There are many people who complain about what they get paid. However, Missouri has a set minimum wage that states employers must at least pay you a certain amount. This offers some protection against low wages, but did you know that some employers do not have to abide by minimum wage laws?
Servers in Missouri work hard for the money they earn, and many rely on tips as a large portion of their income. As a result, it’s imperative that employers follow all relevant wage and hour laws when paying workers. Minimum-Wage.org offers the following information to help tipped workers in Missouri understand their rights.
While employers in Missouri are required by law to provide their employees with opportunities to take a break at work, some employers do not enforce this requirement. Others, leave it up to the discretion of their employees whether or not breaks are taken. In some instances, workers opt to continue working instead of clocking out, so they can continue receiving payment. What many people may not realize is just how valuable taking a brief break from their responsibilities may be.
When you were hired for your job in Missouri, chances are your employer informed you of how often you would be allowed to take breaks. While it may be tempting at times to continue and work throughout designated break periods, this time is imperative to your safety, wellbeing and productivity at your job. If your employer does not provide adequate breaks, you may consider voicing your concerns because breaks are a necessary part of being a productive worker.
The Fair Labor Standards Act (FLSA) regulates things like overtime pay and the minimum wage, among many other workplace matters. While a wide range of workers is covered by the FLSA there are also quite a few exemptions. The U.S. Department of Labor offers insight into these exemptions so both workers and employers remain fully apprised to their rights.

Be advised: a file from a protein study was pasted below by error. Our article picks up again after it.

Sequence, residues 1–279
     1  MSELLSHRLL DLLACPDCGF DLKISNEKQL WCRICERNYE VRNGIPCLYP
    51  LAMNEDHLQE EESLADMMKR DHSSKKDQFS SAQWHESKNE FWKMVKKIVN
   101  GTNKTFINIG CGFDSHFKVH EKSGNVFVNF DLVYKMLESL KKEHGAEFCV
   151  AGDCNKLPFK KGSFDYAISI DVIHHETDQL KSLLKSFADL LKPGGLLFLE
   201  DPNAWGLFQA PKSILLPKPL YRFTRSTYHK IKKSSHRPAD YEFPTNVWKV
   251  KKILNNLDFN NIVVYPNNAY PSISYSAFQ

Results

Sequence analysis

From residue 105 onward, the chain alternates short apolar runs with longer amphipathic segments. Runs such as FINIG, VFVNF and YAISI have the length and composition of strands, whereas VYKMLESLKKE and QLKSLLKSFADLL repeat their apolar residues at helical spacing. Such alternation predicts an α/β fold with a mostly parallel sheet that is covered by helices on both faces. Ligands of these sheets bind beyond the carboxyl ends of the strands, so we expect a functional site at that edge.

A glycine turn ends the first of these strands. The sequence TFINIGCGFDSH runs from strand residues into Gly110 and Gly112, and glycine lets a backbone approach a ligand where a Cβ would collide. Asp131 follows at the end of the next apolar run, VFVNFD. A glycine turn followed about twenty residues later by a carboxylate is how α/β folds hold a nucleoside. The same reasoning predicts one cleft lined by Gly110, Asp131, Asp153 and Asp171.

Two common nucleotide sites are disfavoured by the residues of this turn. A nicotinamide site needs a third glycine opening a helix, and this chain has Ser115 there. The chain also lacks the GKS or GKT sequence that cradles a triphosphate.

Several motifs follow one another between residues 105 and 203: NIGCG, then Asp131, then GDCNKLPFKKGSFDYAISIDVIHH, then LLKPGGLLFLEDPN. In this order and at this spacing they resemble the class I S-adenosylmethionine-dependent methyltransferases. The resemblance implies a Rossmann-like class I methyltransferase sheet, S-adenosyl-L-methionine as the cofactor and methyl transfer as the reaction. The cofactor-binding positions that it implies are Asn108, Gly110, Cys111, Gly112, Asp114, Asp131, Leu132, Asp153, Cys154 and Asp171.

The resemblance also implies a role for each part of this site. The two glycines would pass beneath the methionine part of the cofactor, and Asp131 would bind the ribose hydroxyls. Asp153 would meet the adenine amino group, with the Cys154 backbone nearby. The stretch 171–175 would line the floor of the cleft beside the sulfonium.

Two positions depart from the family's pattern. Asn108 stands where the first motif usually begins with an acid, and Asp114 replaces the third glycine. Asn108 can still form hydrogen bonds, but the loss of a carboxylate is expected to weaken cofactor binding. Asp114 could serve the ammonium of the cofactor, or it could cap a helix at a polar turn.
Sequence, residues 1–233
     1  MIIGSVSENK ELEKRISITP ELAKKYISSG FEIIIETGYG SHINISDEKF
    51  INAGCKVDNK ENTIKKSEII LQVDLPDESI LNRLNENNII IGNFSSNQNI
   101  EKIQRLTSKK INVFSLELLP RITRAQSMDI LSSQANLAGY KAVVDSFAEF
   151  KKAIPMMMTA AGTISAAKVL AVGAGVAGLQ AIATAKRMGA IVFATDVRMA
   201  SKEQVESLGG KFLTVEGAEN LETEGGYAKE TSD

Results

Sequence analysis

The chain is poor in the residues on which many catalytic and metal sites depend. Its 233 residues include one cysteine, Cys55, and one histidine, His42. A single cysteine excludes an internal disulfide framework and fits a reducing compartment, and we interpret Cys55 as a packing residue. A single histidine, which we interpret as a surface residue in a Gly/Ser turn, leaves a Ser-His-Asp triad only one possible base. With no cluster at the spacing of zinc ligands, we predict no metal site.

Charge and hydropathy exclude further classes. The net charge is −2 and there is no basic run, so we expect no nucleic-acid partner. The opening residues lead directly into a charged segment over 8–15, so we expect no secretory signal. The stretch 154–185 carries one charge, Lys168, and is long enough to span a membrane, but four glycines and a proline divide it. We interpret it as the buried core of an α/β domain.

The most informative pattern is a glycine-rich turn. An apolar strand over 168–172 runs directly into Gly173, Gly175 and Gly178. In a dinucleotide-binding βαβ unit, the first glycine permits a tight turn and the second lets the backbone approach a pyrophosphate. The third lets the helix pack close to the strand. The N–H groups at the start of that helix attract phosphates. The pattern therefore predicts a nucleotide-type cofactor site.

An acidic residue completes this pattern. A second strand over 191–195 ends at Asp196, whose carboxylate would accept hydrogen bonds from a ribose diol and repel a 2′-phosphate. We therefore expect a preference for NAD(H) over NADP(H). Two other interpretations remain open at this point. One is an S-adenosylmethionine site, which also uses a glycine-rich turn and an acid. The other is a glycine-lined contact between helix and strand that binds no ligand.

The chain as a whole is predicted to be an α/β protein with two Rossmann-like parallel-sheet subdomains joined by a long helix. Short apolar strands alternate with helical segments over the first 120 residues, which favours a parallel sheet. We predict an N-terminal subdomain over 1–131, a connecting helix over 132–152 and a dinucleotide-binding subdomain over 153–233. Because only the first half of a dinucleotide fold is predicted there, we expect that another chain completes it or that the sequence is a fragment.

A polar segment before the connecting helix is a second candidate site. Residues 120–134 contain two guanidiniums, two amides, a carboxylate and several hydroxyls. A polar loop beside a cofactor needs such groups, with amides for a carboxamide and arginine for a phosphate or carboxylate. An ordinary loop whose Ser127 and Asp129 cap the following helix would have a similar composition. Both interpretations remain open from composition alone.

A common misconception held by many in Kansas City is that state and federal wage and hour laws only apply to people at a certain level of employment. Those in entry level positions only making a minimum wage may feel like they have no legal recourse if they are not being compensated fairly. This assumption may be due in large part to the opinion that some may have that the work such employees do requires little skills, making them easily replaceable. Yet in reality, those making minimum wage have the right to expect that they be paid what the law mandates, and that the fear of being fired should not be a tool employers use to exploit them.
As an employee in Missouri, you rightly expect to receive a fair wage from your employer for the time you spend performing your job duties. However, there are circumstances in which your employer should compensate you for your time even when you are not working. According to FindLaw, when your time not working is nevertheless spent for the employer's benefit and/or under the employer's control, then you have a right to compensation for that time.
At-will employment refers to an employer’s right to terminate a worker for any reason, provided the reason is not deemed discriminatory. Most states offer employment at-will, which is intended to protect both employers as well as employees (as workers are free to quit a job without fear of consequences). There are some exceptions to the at-will rule however, as explained by TheBalance.com.
If you’re a new mother in Kansas City who’s on her way back to work, you may have questions about nursing breaks. While it’s true that your employer is legally obligated to provide such breaks, knowing the details of the law is crucial to make sure your rights aren’t being violated. The United States Department of Labor offers the following answers to frequently asked questions about nursing mothers and breaks.
The Family and Medical Leave Act (FMLA) allows workers to take time off for medical issues without risking their jobs or health insurance benefits. Understanding the details of this act is crucial to ensure employees know their rights and can recognize when they’ve been violated. The United States Department of Labor answers the following questions, which can help you access the necessary leave if you or a loved one falls ill.